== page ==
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Tuesday, 2 October, 2001, 20:52 GMT 21:52 UK
Analysis: Challenges ahead for Bangladesh
By Alastair Lawson in Dhaka
Khaleda Zia will soon be sworn in as Bangladesh's new prime minister after an overwhelming election victory.
Her position is no doubt enhanced by the strength of her triumph.
But the veteran politician and her Bangladesh Nationalist Party will still need parliamentary muscle to face numerous challenges over the next few months.
Prominent among these is the stability of the country itself.
"Democracy is yet to be institutionalised in Bangladesh, which throughout the sixties and seventies veered from military dictatorship to democracy," said the European Union ambassador Antonio de Souza Menezes.
"While this election marks the longest period of uninterrupted democracy in the country's history, the violence of the campaign shows that future political stability cannot be guaranteed."
The first task facing Mrs Zia after she is sworn later this month will be to establish some degree of reconciliation.
The election campaign was bitterly fought and violent, leaving more than 140 people dead.
The hostile rhetoric between her and Awami League leader Sheikh Hasina dominated much of the campaign.
She will also be eager to allay US concerns over the presence of two hardline Muslim parties within her four-party alliance that now has a majority in parliament.
"Washington will be particularly eager to ensure that the recent decision by Dhaka to allow the Americans use of their airspace as part of their build-up against Afghanistan is not in any way jeopardised," said a western diplomat.
So far there is little evidence that either of these two parties - the Jammat-e-Islami and Islami Oika Jote - will force overwhelmingly Muslim Bangladesh to abandon its secular Bengali identity.
"The defeated Awami League Party tried to make their presence in the coalition an election issue by suggesting that they sang from the same hymn sheet as the Taleban," says political analyst Nazim Kamram Choudhury,
"But both parties have always stayed within the country's democratic framework and neither will rock the boat in terms of the new prime minister's relations with America."
Law, order and corruption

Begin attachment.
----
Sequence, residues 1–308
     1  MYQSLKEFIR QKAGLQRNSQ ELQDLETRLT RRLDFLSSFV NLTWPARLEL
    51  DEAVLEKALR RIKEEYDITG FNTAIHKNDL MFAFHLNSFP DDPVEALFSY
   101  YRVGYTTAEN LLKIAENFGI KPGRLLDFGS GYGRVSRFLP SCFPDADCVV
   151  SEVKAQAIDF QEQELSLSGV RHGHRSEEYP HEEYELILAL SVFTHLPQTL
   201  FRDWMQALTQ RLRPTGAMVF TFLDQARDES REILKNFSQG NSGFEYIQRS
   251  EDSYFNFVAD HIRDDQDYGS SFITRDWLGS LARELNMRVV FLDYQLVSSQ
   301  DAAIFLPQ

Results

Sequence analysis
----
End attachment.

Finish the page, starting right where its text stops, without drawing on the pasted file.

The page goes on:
Perhaps the key factor behind Mrs Zia's victory was her ability to exploit resentment throughout the country over the breakdown of law and order.
"Bangladesh has become a haven for terrorists carrying out politically motivated attacks," she complained during the campaign.
It has also become a country where violent crime, especially in towns and cities, has escalated as poorly trained police struggle to cope.
The country is also plagued by corruption.
In a recent survey, the campaigning group Transparency International rated Bangladesh the most corrupt nation in the world.
Around half the population of her country - the eighth most populous in the world - lives below the United Nations poverty line.
Its rates of malnutrition and per capita income are among the worst in Asia.
Sanitary levels in many areas are insufficient, with fresh water and electricity in short supply.
It is estimated that about a third of the workforce of 70 million is unemployed, even though the economy grew by 5% a year during Sheikh Hasina's five year period in power.
Bangladesh has enormous oil and gas resources, but Sheikh Hasina has repeatedly said she will not sell to India until the demand in her own country has been met.
If Mrs Zia persists with this stance in government, she will be depriving her country of billions of dollars in foreign exchange.
The prime minister designate knows the last of her problems only too well.
While Sheikh Hasina may have been humiliated in the poll, she is not going to go away.
Like Mrs Zia, she exercises a vice-like hold over her party.
She has already complained the election was rigged and the likelihood is that she will launch a series of one day strikes - or hartals - to hamper the progress of the new government.
When Khaleda Zia was in power it was a tactic that she employed with deadly effect, frequently bringing the entire country to a standstill.
In that respect Bangladesh can expect more of the same.
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